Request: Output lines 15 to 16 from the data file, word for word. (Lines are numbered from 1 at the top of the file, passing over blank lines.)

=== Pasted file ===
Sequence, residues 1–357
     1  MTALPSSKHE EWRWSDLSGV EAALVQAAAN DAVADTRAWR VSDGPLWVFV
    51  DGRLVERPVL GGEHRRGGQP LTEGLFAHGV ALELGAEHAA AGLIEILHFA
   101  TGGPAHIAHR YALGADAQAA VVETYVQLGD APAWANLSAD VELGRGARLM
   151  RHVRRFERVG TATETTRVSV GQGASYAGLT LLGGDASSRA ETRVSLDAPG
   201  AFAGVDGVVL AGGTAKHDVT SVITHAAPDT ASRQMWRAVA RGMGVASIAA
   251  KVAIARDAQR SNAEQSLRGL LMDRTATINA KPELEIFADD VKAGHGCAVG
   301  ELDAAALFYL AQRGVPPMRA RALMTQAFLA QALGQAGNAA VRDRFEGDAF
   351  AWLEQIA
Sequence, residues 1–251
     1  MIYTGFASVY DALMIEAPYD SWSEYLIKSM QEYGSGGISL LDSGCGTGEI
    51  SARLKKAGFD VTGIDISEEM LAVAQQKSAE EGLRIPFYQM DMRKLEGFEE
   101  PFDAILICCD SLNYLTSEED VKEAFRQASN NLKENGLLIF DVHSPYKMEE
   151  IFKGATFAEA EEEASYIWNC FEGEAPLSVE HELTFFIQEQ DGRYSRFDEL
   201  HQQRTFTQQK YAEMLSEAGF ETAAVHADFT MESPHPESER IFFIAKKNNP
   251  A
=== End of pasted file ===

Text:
   201  HQQRTFTQQK YAEMLSEAGF ETAAVHADFT MESPHPESER IFFIAKKNNP
   251  A